About Delany Writing: An Anatomical Meditation (Samuel Delany) (Critical Essay) By Extrapolation

About Delany Writing: An Anatomical Meditation (Samuel Delany) (Critical Essay)

By Extrapolation

  • Release Date: 2006-03-22
  • Genre: Language Arts & Disciplines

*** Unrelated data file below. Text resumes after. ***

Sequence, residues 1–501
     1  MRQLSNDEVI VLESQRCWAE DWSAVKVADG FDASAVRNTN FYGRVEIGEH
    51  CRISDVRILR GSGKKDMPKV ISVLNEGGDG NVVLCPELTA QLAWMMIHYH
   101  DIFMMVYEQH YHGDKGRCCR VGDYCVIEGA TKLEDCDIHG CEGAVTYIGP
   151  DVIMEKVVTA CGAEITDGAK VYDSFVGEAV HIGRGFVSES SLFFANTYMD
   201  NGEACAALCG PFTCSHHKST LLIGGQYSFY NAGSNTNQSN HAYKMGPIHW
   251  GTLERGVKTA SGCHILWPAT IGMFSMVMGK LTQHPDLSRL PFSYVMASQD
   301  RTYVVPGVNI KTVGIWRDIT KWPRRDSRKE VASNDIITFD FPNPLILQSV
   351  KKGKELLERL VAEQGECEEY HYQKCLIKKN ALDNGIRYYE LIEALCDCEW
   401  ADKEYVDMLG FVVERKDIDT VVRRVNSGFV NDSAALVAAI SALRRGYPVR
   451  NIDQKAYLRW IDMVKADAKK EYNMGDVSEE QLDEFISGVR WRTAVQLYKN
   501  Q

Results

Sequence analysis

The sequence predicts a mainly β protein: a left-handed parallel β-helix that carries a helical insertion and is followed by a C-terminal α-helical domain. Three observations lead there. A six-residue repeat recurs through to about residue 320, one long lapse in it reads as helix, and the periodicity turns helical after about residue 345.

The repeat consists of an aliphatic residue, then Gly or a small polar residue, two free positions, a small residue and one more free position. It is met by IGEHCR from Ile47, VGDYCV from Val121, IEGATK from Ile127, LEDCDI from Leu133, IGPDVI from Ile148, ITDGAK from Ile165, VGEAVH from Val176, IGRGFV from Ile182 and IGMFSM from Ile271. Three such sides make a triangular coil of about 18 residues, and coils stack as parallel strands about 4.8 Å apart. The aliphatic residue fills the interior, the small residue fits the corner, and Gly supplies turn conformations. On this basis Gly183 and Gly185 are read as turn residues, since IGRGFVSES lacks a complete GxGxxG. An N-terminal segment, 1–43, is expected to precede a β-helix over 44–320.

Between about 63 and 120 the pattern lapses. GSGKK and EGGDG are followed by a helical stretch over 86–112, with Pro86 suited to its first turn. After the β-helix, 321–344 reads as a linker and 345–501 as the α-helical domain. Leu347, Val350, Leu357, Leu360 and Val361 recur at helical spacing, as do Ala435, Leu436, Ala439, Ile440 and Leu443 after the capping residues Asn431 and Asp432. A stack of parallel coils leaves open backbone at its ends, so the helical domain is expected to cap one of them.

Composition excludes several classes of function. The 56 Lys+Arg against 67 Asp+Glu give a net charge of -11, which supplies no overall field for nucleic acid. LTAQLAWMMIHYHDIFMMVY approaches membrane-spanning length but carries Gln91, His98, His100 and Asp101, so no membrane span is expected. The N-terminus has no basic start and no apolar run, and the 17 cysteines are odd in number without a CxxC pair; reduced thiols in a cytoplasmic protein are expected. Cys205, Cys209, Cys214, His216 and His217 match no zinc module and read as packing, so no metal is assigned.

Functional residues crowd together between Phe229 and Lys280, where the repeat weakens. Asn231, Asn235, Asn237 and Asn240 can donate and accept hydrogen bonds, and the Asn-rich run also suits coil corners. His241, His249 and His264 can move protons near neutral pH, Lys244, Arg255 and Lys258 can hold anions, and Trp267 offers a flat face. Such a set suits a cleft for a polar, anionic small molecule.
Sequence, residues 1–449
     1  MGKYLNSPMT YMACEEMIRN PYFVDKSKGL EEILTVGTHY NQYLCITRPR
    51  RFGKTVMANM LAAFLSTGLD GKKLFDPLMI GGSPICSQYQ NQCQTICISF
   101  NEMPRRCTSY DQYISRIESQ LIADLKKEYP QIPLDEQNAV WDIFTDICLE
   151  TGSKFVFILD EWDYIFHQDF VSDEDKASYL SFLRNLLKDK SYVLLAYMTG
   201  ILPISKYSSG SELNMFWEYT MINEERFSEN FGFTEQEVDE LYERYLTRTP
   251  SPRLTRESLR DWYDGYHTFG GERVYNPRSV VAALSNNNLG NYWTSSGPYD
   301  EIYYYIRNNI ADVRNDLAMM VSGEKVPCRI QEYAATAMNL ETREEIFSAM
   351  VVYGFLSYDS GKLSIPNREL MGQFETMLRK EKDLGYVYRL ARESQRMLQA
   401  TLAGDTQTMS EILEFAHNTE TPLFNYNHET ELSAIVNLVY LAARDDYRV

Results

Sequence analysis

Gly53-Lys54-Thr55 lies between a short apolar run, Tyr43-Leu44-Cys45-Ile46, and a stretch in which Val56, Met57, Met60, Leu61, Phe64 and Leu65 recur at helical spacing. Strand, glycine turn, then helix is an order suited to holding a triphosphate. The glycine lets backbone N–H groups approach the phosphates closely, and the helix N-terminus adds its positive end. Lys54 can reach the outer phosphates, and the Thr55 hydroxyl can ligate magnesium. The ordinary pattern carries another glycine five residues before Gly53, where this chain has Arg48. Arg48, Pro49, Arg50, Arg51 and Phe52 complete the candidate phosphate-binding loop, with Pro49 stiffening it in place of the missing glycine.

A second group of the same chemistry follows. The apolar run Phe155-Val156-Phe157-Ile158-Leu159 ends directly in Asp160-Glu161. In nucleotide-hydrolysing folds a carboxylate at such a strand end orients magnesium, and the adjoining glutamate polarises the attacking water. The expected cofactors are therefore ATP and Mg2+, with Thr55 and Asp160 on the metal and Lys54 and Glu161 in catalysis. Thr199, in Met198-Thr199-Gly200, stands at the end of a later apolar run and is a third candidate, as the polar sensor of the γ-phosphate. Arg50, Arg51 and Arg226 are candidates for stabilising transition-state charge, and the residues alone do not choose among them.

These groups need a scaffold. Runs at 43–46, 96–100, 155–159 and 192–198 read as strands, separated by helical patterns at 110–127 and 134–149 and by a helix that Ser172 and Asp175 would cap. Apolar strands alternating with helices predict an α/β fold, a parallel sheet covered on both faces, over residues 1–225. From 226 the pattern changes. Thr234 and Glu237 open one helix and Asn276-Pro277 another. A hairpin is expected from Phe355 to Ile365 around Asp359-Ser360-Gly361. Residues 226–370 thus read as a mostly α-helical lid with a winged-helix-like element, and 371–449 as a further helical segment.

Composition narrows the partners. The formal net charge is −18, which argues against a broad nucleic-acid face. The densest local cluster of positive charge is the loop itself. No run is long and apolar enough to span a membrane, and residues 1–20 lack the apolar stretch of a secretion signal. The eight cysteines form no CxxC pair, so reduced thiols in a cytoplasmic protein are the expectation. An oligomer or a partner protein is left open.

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The number of books and essays that offer instruction in the art of writing is vast. The number written by authors who have themselves produced work of genuine literary distinction is much smaller; and the number written by authors with a record of distinction comparable to that made by Samuel Delany--the author of more than 35 books, including, among much else, some of the finest science fiction and some of the finest literary and cultural criticism of our era--is miniscule. Even for this reason alone, Delany's most recent volume, About Writing (2005), would count as a literary event of more than routine interest. Of course, you might say that the criterion implied here is inappropriate. Teaching and doing are distinct skills, and success in one by no means guarantees success in the other. The great pitching coaches of the big leagues have not necessarily been great pitchers--and, surely, very few of the great animal trainers have been great animals. But this analogy is fundamentally flawed. A pitching coach has probably had some experience as a pitcher, and may well throw a few pitches in the course of his coaching duties. But throwing major-league-caliber fast balls and sliders across the plate is not his essential function--which he is likely to exercise as much or more by talking and gesturing than by actual pitching. A book about writing, by contrast, is nothing other than a performance of writing from beginning to end. My point here, however, is not simply that, in About Writing, Delany is constantly and necessarily practicing the same art that he is teaching. It is also that the volume is "about writing" in ways beyond and above what one normally expects from the how-to genre, though that is certainly the literary mode that About Writing most immediately and obviously exemplifies. About Writing is about writing in theoretically fundamental ways--as one might expect from Delany, the longtime reader and critical advocate of Jacques Derrida, the pre-eminent modern philosopher of writing--and, like so many of Delany's works, it has a strong autobiographical tendency, so that it frequently amounts to a fragmentary narrative of the importance of writing in Delany's own life. We might say that a good alternative title for About Writing would be "Anatomy of Writing."